The evaluation of non-local pseudopotentials within the QMC solid codes is dealt with in detail in chapter . Optimising wavefunctions with respect to these non-local pseudopotentials is discussed in chapter . In chapters and , DMC calculations involving a non-local pseudopotential to describe silicon are reported. The use of such non-local pseudopotentials within DMC is a problem that is yet to be completely resolved. Here we discuss the approximations used later in the thesis to try and deal with this problem.

Consider Eq.(), in which a pseudopotential is used to describe the valence electrons in a system;

We can divide the full valence Hamiltonian, , into a local and non-local part

where includes the kinetic energy, the local part
of the pseudopotential and the Coulomb interaction, and *W* includes the
non-local part of the pseudopotential. The diffusion-drift equation for *f*,
Eq.(), can be split into two terms representing the local and
non-local parts of the Hamiltonian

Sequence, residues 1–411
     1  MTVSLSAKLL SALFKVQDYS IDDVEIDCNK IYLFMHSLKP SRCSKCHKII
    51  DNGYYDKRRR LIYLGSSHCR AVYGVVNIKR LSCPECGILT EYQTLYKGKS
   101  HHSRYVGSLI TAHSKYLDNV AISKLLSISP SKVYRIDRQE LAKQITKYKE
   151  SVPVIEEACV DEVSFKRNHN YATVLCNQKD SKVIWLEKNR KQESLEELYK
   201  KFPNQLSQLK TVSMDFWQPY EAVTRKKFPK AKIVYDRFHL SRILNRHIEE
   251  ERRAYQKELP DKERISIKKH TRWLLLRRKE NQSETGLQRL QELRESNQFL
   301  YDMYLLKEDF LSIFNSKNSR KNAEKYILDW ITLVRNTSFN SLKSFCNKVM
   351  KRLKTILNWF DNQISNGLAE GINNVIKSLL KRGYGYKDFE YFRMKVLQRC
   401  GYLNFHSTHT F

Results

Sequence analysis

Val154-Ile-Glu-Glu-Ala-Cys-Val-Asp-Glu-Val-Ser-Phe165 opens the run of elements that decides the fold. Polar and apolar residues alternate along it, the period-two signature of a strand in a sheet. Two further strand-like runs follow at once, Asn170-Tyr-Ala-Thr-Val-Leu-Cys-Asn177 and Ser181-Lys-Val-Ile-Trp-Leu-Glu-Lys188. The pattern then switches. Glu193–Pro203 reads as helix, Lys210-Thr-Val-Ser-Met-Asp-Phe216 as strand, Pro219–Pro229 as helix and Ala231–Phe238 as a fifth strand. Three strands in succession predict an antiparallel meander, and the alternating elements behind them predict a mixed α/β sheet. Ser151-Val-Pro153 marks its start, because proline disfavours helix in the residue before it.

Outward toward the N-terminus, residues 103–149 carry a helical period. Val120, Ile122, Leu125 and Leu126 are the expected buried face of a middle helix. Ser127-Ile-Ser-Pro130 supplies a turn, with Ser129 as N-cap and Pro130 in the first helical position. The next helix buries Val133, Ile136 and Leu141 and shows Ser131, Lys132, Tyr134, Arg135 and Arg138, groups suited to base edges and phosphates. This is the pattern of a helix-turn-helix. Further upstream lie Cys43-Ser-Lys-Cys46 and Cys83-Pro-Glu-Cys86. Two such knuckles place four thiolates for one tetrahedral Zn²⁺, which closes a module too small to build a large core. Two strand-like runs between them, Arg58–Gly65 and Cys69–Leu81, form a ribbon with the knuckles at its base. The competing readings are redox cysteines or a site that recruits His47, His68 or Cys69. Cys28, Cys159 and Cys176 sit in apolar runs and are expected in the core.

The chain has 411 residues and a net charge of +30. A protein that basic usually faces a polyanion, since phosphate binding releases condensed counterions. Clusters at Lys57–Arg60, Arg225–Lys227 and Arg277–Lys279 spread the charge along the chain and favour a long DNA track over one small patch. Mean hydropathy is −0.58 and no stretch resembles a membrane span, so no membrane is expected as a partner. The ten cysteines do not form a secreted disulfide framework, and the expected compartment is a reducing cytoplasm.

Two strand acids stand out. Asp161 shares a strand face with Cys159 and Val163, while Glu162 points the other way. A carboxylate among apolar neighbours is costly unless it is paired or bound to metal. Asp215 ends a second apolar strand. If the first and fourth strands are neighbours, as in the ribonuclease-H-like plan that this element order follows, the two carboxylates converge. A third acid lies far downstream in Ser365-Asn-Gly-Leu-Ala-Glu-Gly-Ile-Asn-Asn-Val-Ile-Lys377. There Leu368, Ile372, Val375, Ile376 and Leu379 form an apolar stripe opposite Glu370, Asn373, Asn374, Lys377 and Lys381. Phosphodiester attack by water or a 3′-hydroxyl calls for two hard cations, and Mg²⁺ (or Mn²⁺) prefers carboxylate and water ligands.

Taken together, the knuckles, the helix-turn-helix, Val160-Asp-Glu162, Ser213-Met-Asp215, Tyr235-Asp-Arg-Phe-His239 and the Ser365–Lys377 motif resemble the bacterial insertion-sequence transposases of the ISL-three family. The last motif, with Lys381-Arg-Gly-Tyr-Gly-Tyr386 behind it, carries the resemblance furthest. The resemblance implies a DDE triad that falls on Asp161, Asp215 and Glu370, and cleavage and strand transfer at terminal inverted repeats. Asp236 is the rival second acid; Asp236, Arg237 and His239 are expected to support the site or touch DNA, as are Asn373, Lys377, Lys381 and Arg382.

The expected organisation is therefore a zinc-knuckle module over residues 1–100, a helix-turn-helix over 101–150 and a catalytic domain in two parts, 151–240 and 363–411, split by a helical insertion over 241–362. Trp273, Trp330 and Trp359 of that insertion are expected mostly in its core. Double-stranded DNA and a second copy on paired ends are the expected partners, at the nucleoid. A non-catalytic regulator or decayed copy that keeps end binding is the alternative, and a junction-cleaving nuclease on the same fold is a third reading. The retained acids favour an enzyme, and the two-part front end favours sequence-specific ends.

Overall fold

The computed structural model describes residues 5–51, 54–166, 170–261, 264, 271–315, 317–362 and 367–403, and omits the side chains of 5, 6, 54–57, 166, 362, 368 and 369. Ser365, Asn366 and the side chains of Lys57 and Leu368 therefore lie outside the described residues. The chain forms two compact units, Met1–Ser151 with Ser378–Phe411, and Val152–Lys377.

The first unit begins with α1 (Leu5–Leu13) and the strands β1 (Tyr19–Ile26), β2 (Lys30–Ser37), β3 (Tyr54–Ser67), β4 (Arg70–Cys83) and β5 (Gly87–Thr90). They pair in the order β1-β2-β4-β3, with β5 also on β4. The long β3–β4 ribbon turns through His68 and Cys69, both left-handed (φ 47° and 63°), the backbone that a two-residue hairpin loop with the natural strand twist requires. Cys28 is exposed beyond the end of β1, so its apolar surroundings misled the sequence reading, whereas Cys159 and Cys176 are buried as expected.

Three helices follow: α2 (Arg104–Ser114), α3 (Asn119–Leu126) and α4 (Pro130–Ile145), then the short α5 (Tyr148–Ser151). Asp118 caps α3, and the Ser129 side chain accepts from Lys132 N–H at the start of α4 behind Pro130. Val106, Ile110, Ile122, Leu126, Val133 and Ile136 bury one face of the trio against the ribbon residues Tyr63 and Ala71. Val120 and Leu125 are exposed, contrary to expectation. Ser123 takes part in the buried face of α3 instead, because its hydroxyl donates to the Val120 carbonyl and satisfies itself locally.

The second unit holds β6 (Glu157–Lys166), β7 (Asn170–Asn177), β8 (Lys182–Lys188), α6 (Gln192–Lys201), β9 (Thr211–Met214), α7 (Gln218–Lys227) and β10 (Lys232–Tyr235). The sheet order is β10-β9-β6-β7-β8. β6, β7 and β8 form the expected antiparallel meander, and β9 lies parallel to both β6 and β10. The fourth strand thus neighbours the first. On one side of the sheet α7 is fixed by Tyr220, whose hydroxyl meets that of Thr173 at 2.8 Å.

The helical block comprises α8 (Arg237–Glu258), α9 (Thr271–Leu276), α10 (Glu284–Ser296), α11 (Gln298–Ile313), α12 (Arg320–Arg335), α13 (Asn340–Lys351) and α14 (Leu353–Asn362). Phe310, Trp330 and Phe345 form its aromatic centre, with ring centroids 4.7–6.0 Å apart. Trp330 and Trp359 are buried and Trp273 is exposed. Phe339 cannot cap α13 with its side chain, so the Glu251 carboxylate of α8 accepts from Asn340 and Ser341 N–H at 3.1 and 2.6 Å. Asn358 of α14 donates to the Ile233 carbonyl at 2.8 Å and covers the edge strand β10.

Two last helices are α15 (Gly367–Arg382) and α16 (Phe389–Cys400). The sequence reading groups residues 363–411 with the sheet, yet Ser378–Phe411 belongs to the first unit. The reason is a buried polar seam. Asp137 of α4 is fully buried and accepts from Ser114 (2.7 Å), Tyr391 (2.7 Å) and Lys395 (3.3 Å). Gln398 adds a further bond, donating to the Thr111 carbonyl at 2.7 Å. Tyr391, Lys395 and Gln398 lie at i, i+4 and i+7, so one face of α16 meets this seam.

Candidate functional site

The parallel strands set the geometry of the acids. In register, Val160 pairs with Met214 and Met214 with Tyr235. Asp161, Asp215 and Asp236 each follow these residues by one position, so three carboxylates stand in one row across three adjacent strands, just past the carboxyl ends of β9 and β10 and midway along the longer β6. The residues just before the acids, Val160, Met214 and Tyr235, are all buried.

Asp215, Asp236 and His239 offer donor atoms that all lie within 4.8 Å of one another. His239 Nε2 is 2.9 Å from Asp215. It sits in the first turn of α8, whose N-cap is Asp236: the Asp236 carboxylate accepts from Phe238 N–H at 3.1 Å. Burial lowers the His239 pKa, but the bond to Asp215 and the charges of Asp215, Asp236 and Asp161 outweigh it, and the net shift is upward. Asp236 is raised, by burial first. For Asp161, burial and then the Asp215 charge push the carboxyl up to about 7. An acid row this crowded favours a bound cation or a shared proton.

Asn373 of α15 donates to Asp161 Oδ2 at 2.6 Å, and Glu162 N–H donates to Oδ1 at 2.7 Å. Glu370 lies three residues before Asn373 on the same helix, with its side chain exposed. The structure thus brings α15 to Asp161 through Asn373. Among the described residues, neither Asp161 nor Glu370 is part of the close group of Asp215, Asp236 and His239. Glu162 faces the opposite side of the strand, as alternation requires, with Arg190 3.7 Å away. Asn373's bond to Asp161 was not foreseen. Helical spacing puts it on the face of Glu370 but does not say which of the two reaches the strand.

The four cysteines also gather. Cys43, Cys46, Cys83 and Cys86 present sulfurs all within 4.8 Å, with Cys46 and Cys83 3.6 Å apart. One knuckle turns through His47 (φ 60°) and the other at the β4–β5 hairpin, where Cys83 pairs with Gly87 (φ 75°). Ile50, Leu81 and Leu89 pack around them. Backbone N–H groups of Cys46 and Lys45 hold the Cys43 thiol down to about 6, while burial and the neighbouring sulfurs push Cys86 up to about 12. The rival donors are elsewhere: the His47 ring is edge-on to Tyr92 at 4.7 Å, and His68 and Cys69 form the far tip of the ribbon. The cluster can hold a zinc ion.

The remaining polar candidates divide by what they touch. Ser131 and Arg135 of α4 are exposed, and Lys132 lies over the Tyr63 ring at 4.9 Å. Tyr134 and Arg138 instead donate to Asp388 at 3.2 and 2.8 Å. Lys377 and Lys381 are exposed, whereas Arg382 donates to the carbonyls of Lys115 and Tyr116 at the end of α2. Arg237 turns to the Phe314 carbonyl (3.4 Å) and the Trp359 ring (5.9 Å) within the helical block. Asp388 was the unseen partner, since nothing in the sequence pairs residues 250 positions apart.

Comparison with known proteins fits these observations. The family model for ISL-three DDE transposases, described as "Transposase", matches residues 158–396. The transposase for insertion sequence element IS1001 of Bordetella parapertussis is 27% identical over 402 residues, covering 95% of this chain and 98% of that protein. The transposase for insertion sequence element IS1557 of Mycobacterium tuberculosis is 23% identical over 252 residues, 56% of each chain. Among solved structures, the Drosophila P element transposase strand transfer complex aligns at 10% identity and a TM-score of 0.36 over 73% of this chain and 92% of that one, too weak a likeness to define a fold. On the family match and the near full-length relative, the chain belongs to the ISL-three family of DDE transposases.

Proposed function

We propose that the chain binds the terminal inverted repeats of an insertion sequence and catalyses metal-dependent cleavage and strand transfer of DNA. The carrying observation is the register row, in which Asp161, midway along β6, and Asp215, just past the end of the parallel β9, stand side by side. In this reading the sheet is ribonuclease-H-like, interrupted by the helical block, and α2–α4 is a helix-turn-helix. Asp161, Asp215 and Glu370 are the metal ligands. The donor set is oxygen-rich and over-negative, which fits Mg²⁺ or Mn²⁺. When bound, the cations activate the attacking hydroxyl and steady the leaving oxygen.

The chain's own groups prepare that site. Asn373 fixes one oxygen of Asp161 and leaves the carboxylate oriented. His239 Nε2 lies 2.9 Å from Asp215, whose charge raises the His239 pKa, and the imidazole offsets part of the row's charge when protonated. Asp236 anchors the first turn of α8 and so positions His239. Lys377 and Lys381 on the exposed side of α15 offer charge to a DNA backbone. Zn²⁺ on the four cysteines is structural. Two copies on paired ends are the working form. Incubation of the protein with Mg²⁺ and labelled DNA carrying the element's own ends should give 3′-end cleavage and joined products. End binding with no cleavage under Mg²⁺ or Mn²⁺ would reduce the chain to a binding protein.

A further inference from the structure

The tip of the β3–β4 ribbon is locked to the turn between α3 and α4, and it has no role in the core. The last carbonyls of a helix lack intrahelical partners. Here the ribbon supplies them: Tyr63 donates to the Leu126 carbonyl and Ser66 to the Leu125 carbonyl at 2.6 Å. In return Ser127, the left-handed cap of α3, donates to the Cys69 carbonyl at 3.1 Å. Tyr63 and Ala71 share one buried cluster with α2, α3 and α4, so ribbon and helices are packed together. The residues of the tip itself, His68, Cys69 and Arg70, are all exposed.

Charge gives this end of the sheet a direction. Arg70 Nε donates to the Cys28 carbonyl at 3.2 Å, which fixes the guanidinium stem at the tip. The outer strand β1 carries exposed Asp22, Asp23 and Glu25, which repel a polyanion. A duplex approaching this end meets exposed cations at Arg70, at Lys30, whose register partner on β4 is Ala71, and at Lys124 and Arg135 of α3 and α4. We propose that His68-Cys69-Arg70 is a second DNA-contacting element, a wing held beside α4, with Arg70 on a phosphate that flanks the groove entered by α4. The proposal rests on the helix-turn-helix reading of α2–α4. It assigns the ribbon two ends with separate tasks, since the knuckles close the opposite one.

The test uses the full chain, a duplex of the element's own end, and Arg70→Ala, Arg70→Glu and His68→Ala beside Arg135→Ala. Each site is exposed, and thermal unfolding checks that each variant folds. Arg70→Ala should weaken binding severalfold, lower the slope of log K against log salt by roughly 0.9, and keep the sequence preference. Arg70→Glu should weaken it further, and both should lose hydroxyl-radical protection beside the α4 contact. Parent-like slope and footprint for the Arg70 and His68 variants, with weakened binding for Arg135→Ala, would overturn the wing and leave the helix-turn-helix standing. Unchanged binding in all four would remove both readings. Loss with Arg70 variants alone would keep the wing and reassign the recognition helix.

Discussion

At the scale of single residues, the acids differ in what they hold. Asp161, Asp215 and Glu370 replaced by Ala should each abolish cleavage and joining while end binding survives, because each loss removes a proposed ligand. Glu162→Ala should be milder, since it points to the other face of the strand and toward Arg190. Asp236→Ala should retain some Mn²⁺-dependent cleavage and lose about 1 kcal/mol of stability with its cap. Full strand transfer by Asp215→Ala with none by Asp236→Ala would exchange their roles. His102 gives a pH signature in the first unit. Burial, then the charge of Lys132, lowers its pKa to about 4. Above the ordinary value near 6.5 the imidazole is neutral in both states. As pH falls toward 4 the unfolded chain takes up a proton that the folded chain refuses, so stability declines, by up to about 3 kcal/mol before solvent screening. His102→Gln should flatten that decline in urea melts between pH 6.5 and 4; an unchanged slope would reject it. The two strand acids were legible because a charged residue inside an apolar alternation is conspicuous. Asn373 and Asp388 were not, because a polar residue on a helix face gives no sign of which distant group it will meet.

The first three terms on the left hand side of Eq.() can be interpreted as a local diffusion, drifting and branching process. However, the fourth term represents the operation of the non-local pseudopotential on the unknown wavefunction, , producing non-local branching. In the DMC calculations described in chapters and , we have used the ``locality approximation'' which was introduced by Christiansen[38, 39, 40] and recently applied by Mitas[41, 42] to the problem of the unknown wavefunction in Eq.(). In this approximation, the non-local pseudopotential acts not on the unknown wavefunction, , but on the guiding wavefunction, ,

One is then free to impose the fixed-node approximation in the same way as before. In fact, when using the above local model potential, it is important that the fixed node approximation is applied as this steers the random walk away from the nodes of , where there will generally be divergences in the local model potential. Without the fixed node approximation, these divergences would cause large fluctuations in the population of diffusing particles.

It should be noted that within the ``locality approximation'', it is no longer generally true that the DMC estimate of the energy is an upper bound to the true groundstate energy. It must always be less than the VMC energy and it has been shown, [42] that the DMC energy converges quadratically to the exact groundstate energy as the guiding function approaches the true groundstate wavefunction.

Tue Nov 19 17:11:34 GMT 1996